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I am quite new to the RSA and I have a couple of questions that confuse me.

Q1: A Timing attack on RSA can be prevented _____________________________

A. By performing the “square and multiply” modular exponentiation algorithm using keys with equal number of 1’s and 0’s in binary form

B. By randomizing the ciphertext or the exponent

C. By using the Montgomery modular Exponentiation algorithm

D. By performing an additional constant time computation after the concluding the modular exponentiation

I am confused among 4 options:

Option A: from what was told in the lecture, "square and multiply" is a naive algorithm which means it is not effective.

Option B: I do not see how that can prevent the timing attack, does't seem relevant?

Option C: From my understanding, it is an algorithm for a quicker calculation of modular arithmetic. It speeds up the decryption process.

Option D: By performing an additional constant time, the pattern can still be observed and the attacker can subtract the additional constant time and perform timing attack again.

My understandings may be wrong, and I am out of ideas :(

Q2: For the textbook RSA encryption scheme,

$ c = m ^ e \bmod n $

is used for encryption where $m$ is the message to be encrypted, $(e,n)$ is the public key and $c$ is the ciphertext;

the decryption will be

$ m = c ^ d \bmod n $

where $d$ is the private key.

Assume that Alice sends to Bob a message $m$ that is encrypted as $c$ and that Carol wants to retrieve the message $m$. Carol can use the Chosen Ciphertext attack for RSA. Describe how such an attack will be used in order to retrieve $m$.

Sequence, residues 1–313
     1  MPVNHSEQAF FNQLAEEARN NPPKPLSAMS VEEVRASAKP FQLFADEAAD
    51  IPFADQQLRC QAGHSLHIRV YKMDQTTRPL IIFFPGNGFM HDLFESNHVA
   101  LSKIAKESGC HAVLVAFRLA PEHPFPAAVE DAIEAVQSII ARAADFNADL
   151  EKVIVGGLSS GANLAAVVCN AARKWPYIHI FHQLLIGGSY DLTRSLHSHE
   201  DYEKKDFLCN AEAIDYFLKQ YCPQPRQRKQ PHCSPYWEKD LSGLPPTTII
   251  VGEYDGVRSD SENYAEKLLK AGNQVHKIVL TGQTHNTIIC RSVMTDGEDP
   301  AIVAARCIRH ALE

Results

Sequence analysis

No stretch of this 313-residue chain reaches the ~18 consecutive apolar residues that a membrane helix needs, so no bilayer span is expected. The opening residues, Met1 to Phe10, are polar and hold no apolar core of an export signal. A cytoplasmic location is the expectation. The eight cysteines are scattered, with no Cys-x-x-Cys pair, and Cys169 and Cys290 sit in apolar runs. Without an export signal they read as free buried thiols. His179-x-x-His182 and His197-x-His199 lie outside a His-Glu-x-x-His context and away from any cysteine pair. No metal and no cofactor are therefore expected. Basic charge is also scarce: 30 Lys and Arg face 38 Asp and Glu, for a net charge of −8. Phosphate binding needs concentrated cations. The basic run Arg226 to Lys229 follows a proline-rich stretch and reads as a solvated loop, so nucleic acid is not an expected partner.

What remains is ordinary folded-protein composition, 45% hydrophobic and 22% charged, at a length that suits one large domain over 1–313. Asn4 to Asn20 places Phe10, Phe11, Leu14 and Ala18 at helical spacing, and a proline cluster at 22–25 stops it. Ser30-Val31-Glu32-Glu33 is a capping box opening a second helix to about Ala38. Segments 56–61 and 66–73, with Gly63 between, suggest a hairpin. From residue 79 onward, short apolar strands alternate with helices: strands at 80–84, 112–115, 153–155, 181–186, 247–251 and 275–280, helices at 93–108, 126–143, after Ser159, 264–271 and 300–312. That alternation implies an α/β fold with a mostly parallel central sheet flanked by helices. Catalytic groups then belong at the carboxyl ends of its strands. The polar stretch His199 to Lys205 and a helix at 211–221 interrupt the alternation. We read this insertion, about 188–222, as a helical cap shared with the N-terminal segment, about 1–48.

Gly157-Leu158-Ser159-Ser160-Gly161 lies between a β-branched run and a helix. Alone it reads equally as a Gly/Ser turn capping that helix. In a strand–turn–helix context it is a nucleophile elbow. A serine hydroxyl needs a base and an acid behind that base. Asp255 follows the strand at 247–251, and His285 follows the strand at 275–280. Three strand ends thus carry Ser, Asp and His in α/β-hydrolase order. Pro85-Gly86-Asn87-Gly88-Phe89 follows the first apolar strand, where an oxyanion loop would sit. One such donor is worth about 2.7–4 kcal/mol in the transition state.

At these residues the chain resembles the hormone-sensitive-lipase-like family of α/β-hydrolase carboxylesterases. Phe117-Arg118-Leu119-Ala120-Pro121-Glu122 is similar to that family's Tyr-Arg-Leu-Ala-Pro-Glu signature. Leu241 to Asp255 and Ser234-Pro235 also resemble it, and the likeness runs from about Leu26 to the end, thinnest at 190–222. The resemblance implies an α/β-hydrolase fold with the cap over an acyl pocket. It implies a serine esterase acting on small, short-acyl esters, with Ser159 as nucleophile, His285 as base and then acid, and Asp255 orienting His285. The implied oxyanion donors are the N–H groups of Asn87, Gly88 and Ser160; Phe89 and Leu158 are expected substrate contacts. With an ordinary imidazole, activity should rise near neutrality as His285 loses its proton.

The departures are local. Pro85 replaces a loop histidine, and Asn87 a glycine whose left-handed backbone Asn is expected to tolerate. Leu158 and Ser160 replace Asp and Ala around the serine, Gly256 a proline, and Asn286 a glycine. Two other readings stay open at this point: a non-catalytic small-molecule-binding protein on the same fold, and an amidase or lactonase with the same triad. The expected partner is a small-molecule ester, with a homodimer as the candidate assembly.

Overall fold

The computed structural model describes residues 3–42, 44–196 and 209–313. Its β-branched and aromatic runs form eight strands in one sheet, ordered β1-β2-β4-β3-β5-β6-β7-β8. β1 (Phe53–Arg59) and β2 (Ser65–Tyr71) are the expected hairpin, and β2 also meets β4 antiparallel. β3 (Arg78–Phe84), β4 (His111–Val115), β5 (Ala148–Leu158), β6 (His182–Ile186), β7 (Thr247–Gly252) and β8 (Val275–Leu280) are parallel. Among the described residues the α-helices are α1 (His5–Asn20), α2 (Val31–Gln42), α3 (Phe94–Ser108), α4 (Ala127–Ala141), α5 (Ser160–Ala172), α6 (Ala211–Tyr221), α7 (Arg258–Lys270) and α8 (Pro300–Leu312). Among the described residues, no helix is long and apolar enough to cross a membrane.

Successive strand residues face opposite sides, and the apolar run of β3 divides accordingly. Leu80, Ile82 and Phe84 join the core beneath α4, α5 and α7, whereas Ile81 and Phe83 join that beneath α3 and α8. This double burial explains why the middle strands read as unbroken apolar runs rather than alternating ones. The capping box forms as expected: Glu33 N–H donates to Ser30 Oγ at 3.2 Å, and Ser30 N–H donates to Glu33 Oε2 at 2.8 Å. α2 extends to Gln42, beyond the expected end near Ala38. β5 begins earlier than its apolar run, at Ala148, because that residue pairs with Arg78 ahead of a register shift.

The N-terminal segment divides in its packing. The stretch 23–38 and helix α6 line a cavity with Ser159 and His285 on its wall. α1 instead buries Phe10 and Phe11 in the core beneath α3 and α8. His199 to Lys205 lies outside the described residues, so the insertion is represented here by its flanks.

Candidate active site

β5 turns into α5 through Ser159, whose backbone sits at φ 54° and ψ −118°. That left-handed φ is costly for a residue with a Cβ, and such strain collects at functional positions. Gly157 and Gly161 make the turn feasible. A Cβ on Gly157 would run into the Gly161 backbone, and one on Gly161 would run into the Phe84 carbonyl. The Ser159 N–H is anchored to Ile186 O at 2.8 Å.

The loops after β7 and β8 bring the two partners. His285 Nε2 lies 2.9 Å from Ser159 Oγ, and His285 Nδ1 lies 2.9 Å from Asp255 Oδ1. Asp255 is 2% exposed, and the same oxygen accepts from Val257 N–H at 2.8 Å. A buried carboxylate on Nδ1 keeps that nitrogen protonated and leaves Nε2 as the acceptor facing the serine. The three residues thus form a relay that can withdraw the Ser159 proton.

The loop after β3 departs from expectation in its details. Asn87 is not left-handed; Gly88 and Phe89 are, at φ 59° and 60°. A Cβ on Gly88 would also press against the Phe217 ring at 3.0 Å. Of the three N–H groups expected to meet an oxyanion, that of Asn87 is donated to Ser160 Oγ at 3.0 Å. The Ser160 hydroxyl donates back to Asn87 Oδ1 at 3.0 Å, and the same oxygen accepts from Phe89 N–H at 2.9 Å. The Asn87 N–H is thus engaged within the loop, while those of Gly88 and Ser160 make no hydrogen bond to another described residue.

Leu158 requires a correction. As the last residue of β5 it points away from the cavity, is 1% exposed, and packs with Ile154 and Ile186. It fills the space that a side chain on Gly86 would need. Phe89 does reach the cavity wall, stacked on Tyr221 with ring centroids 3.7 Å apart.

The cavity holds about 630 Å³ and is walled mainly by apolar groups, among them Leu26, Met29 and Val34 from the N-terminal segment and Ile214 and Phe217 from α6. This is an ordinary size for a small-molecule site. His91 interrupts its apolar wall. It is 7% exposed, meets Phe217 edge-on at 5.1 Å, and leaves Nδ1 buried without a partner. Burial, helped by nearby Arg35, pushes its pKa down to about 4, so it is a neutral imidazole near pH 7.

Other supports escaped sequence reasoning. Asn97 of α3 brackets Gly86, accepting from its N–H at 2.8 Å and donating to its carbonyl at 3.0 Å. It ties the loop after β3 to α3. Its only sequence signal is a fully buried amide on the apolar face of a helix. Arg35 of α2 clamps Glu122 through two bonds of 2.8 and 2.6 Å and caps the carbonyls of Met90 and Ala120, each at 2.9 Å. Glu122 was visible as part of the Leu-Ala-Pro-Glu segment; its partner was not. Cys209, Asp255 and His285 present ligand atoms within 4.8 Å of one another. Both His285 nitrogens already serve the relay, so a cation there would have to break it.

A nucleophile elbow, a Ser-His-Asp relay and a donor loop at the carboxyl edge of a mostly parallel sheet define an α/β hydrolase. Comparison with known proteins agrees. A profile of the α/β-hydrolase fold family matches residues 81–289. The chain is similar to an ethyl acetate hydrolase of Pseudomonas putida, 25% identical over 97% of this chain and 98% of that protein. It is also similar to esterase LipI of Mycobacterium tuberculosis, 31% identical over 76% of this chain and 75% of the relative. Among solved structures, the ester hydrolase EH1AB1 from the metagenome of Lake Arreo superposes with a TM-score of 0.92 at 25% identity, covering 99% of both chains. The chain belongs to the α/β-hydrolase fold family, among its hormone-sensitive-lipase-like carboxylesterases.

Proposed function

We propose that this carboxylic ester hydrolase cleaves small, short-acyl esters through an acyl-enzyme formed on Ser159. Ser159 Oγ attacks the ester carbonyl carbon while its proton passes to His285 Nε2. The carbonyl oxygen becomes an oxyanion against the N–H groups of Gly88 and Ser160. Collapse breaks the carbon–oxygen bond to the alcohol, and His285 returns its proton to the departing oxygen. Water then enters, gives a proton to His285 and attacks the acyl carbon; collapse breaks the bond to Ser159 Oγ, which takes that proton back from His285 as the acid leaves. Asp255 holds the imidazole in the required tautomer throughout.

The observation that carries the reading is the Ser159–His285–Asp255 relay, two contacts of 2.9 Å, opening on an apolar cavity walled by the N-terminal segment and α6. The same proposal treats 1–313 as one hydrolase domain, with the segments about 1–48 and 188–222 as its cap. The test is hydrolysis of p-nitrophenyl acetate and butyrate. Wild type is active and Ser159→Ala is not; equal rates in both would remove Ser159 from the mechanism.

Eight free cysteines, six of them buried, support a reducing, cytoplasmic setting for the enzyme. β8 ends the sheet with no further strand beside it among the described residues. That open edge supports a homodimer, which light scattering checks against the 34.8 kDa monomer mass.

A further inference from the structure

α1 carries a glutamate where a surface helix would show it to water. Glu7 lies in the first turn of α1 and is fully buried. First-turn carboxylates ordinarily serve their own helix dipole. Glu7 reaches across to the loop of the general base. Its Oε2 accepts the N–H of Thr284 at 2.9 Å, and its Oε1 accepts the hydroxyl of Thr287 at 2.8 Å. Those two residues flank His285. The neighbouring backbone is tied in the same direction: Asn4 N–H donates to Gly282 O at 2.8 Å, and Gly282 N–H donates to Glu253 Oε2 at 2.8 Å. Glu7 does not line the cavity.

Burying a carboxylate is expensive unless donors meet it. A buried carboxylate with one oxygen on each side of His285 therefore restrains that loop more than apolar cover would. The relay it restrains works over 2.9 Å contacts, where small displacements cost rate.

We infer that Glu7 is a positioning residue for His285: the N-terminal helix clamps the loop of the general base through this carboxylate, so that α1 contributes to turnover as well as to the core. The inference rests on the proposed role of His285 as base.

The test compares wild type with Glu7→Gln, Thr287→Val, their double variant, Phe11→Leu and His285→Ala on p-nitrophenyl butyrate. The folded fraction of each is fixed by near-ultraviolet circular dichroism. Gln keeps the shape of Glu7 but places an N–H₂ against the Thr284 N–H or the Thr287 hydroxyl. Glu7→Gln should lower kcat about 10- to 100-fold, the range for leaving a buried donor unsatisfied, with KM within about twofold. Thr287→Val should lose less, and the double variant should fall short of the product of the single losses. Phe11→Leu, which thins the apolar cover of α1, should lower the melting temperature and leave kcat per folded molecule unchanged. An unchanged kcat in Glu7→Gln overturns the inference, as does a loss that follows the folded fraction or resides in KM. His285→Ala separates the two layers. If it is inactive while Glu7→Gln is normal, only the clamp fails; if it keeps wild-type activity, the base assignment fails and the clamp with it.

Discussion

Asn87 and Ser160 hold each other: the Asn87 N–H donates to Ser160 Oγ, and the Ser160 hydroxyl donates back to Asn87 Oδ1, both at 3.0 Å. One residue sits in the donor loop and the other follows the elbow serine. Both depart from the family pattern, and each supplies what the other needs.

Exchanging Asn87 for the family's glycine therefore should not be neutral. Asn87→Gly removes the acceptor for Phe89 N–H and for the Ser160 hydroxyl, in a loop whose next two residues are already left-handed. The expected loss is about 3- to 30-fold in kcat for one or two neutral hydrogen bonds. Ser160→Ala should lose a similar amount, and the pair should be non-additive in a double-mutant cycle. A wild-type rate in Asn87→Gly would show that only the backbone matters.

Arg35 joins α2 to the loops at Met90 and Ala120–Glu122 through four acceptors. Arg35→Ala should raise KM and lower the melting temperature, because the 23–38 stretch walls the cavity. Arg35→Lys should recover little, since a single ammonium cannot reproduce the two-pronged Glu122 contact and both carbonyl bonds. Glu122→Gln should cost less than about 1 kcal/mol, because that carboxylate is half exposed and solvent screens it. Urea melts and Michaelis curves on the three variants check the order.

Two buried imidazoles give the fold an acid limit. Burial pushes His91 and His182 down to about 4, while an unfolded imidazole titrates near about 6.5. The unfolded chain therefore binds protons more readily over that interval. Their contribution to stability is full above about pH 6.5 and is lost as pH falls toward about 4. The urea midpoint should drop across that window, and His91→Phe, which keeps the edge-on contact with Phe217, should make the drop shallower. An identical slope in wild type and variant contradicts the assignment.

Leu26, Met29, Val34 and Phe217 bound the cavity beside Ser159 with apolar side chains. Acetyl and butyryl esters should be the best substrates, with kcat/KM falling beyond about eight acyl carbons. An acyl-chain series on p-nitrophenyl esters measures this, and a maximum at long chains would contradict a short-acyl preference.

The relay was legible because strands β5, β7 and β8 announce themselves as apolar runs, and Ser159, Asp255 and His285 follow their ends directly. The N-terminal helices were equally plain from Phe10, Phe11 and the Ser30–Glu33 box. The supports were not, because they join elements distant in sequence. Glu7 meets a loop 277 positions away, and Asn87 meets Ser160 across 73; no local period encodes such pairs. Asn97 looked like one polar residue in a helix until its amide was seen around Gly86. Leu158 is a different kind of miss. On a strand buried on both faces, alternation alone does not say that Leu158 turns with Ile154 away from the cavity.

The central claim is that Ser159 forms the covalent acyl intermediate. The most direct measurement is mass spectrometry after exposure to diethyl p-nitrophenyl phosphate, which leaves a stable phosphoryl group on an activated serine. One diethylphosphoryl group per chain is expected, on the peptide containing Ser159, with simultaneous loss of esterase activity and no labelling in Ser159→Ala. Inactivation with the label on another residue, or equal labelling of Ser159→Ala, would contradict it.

For this question, I guess it is asking me to describe a timing attack?

Thanks in advance!

Update:

Many thanks to Squeamish Ossifrage for your clarification and fgrieu for your hints

I kind of getting the answer of Q2, but I am not too sure. Correct me if I am wrong.

  1. Suppose the original cipher $c_1 = m^e \bmod n $

  2. Carol creates a second cipher by multiply $c_1$ with a random number $r$. So Carol has $c_2 = c_1 * (r ^ e \bmod n )$

  3. Expand $c_2 = (m^e \bmod n) * (r ^ e \bmod n ) = (m^e * r^e) \bmod n$

  4. The corresponding plaintext of $c_2$, $m_2$, can be written as $m_2 = c_2^d \bmod n$

  5. Expand $m_2=c_2^d \bmod n = ((m^e*r^e) \bmod n)^d \bmod n = (m^{ed} \bmod n) * (r^{ed} \bmod n) = m * r $

  6. Therefore, original message $m$ can be calculated as $m = m_2/r$

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  • 1
    $\begingroup$ For part (1): Have you reviewed Kocher's seminal paper on timing attacks? $\endgroup$ – Squeamish Ossifrage Nov 11 '19 at 19:59
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    $\begingroup$ Two unrelated questions in one post is not a good post! $\endgroup$ – kelalaka Nov 11 '19 at 20:00
  • $\begingroup$ For part (2): This is not about a timing attack. This is about a chosen-ciphertext attack. Another way to phrase it is: Given $(n,e)$ and a function $\mathcal O\colon c \mapsto c^d \bmod n$, how can you use $\mathcal O$ to find $t^d \bmod n$ for some target ciphertext $t$, without actually calling $\mathcal O(t)$? (You are allowed to pass anything else except $t$ to $\mathcal O$.) $\endgroup$ – Squeamish Ossifrage Nov 11 '19 at 20:00
  • $\begingroup$ (I don't think (1) is a good question, and it's not your fault. ‘Prevent’ is a bit of a strong word, and designing a logic circuit that runs in constant time for all inputs is not presented as an option! But one of the options does serve to mitigate timing attacks and is widely used in practice and is recommended by Kocher.) $\endgroup$ – Squeamish Ossifrage Nov 11 '19 at 20:04
  • $\begingroup$ Hint for 1: what timing dependency does the archetipal RSA timing attack exploit? Hint for 2: why would it be a timing attack ? In a chosen ciphertext attack, an attacker can choose a ciphertext (other than the one to be deciphered) and obtain the corresponding plaintext. $\endgroup$ – fgrieu Nov 11 '19 at 20:06

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